The moral of that story is this: If Citroen thought of doing it in the 1980s, then it was probably a good idea and worth exploring even today.

How this affects SUVs

This is quite a dilemma, because on one hand, if you’ve got a rich portfolio of crossovers and SUVs, you probably wouldn’t want to impact their sales by taking a chance on a “new”, more practical body style for whatever established sedan model you were already selling. Granted, the chances of that happening are slim, but they do exist.

A fastback-style sedan, especially one with a genuine tailgate, could challenge small or even compact crossovers in terms of practicality. Maybe less so in certain markets/climates, but let’s not forget that most people don’t actually need higher ground clearance and all-wheel drive. They just don’t.

What about large luxury sedans?

They’re on their way out, it’s just a question of how soon. I’m talking about the Mercedes S-Class and its Maybach sibling, the Audi A8, and eventually even the BMW 7 Series. Let’s focus on the S-Class a bit, because you can’t even imagine Mercedes messing with that recipe any time soon, right?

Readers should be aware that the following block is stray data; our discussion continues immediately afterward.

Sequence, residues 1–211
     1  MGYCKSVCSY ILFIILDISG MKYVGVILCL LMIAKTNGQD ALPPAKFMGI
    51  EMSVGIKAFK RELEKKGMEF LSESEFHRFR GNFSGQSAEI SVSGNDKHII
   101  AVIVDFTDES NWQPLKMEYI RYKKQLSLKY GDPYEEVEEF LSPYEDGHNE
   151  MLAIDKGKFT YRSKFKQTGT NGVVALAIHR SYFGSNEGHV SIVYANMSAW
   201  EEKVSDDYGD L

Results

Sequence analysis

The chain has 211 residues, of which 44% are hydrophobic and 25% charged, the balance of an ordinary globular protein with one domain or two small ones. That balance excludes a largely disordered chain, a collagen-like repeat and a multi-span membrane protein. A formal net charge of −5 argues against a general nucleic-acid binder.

Well, I reckon it’s maybe one or two generations (tops) away from looking more like the EQS than anything that even remotely resembles a traditional notchback sedan.

Cadillac Celestiq
Photo: Cadillac
As for how on Earth someone could make a “luxury fastback” instead of a sedan, just look at the Cadillac Celestiq. Seriously, take a really good look at it, because this type of vehicle is the future, like it or not.

GM realized that nobody really cares about what’s going on behind the rear passenger compartment of a luxury sedan. All they care about is the amount of space they get and all the tech available inside. The trunk area, if it’s big enough, could have a tailgate, a decklid, anything.

Let’s face it, the three-box design has run its course. It’s outdated and it belongs to the 20th century. In a few hundred years when we’re off to Fhloston Paradise at light speed for our vacation, the spaceship is sure as hell not going to be three-box-shaped. In the end, the design that maintains the most uniformity always wins, on every single level.
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About the author: Sergiu Tudose
Sergiu Tudose profile photo

Sergiu got to experience both American and European car "scenes" at an early age (his father drove a Ford Fiesta XR2 supermini in the 80s). After spending over 15 years at local and international auto publications, he's starting to appreciate comfort behind the wheel more than raw power and acceleration.